29:11:17 This month saw the release of the eagerly anticipated Instant Pleasures by Shed Seven. This stunning record, by York’s finest, was their first in 16 years.
It immediately hit the top 10 in the album charts, number one in the independent charts and number one on vinyl. It’s fair to say that of slightly less interest to music fans will be next month’s referendum in Barnsley and Doncaster to give people there the choice between the Sheffield City Region deal or the Yorkshire-wide option for a directly elected mayor to oversee the region’s jobs, growth, transport and skills.
You might not think that there is a direct connection between how we can nurture Yorkshire’s vibrant music scene, that has spawned artists in recent years like the Arctic Monkeys, Kaiser Chiefs and Kate Rusby, and the debate about political devolution.
But you’d be wrong. Let me explain how good politics is also the bedrock of a good music scene. As a former Yorkshire MP, I was a patron of the Live in Barnsley festival and saw at first hand the amazing array for diverse, raw talent that the region boasts.
Now, as the chief executive of UK Music, the umbrella body that represents the different strands of the music business, it is my job to safeguard and foster a thriving music scene right across the UK – and not just in London.
Did you know that more than two million people enjoyed concerts and festivals in the Yorkshire and Humberside region in 2016, according to data UK Music collects annually? Around 849,000 people visited the region as “music tourists” to enjoy gigs or festivals, giving the local economy a significant £132m boost.
These visitors helped sustain 4,189 music industry jobs in Yorkshire and Humberside. Events like the Leeds Festival pull in audiences from across the world, while newer festivals like Cocoon in the Park and metro festivals are fast becoming a regular fixture on the county’s cultural map.
Today, I will be at Music:Leeds – an event aimed at connecting and supporting music in the city. I will also be at the MOBO awards at the First Direct Arena to celebrate the best of urban music.
The city is home to Leeds Beckett University and Leeds College of Music, two members of our Music Academic Partnership. Known as ‘MAP’, this is an innovative collaboration between academia and industry designed to maximise the employability of students and future-proof the music business to ensure new entrants have the right mix of experience and skills. But the entire county could be doing even better when it comes to producing the artists, producers, managers, songwriters, musicians, lyricists and creators of the future.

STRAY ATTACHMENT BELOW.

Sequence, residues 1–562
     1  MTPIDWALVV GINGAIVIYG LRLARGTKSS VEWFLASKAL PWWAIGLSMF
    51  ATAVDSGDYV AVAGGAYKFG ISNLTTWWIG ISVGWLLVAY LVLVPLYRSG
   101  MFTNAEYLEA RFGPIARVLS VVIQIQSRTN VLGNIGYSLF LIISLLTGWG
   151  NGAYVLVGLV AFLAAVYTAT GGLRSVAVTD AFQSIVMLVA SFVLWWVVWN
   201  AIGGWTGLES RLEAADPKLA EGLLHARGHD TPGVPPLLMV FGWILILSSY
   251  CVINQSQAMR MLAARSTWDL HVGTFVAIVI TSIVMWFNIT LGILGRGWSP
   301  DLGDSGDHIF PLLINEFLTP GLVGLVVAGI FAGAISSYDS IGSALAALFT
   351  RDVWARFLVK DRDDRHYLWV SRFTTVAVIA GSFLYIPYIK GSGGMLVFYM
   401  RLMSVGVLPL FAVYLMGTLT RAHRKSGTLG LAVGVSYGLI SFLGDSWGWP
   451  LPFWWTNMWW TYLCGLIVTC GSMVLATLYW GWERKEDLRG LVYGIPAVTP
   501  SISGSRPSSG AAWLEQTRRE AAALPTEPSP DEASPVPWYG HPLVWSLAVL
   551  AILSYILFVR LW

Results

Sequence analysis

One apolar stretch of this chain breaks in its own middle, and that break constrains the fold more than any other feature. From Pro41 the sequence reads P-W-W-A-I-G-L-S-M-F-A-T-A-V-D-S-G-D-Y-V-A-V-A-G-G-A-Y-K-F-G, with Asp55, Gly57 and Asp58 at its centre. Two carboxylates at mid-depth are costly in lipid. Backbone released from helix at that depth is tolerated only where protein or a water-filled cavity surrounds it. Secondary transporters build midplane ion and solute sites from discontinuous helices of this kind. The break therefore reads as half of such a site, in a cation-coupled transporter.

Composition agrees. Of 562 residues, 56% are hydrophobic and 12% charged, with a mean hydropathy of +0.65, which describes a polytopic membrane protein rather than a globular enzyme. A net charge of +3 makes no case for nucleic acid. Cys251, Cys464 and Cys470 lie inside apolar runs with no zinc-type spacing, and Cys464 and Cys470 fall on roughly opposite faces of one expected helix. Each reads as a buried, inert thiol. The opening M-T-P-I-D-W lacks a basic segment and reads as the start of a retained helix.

In my job, I’ve met the new ‘metro mayors’ across the country. I also work closely with London’s Mayor, Sadiq Khan, and have seen what a force for good the mayoral model is. Sadiq Khan has set up the London Music Board to bring promoters, musicians, venues local authorities and developers much more closely together.
Liverpool and Manchester are looking at similar ideas. Plans driven forward by the Mayor are already having real benefits with major events lined up for 2018 include a month-long festival of music in the capital in June.
Like other parts of the country, Yorkshire has lost many iconic music venues in recent years as areas get redeveloped. Among those to shut their doors was the Cockpit in Leeds which hosted almost every local band in their early years.
A powerful voice is more likely to protect smaller and grassroots venues. We also saw in the Budget how the new Metro Mayors are bringing in investment by winning a share in initiatives like the £1.7bn Transforming Cities Fund.
As a proud Yorkshireman, I want the same investment and opportunities for the place where I grew up and where I had the privilege to be a Member of Parliament. And when it comes to the ability of mayors to punch their weight, size does matter. That’s why it is my firm view that having a metro mayor for the whole of the county – the “One Yorkshire” option – is best.
One Yorkshire is supported by 17 of the region’s 20 councils. If the Government really believes in devolution, and most authorities back having a Yorkshire Mayor, why won’t it give the the plan the go ahead?
Visiting other elected mayors, I have been impressed with their ability to get people around a table and get things done regardless of politics. Yorkshire has always been at the cutting edge when it comes to producing great music and talent that enriches our culture and brings huge economic benefits. For this and many more reasons, getting a devolution outcome that works for the whole of Yorkshire is now vital and urgent.
You can read Michael's article in the Yorkshire Post here